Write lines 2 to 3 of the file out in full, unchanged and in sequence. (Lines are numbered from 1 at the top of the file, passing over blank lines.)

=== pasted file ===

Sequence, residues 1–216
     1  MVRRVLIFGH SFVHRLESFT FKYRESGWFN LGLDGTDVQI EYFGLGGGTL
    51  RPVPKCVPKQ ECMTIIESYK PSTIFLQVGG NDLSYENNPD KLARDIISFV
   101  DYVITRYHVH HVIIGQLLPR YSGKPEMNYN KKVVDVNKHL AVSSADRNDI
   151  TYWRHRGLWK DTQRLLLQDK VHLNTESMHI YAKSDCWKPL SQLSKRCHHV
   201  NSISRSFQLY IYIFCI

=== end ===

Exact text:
     1  MVRRVLIFGH SFVHRLESFT FKYRESGWFN LGLDGTDVQI EYFGLGGGTL
    51  RPVPKCVPKQ ECMTIIESYK PSTIFLQVGG NDLSYENNPD KLARDIISFV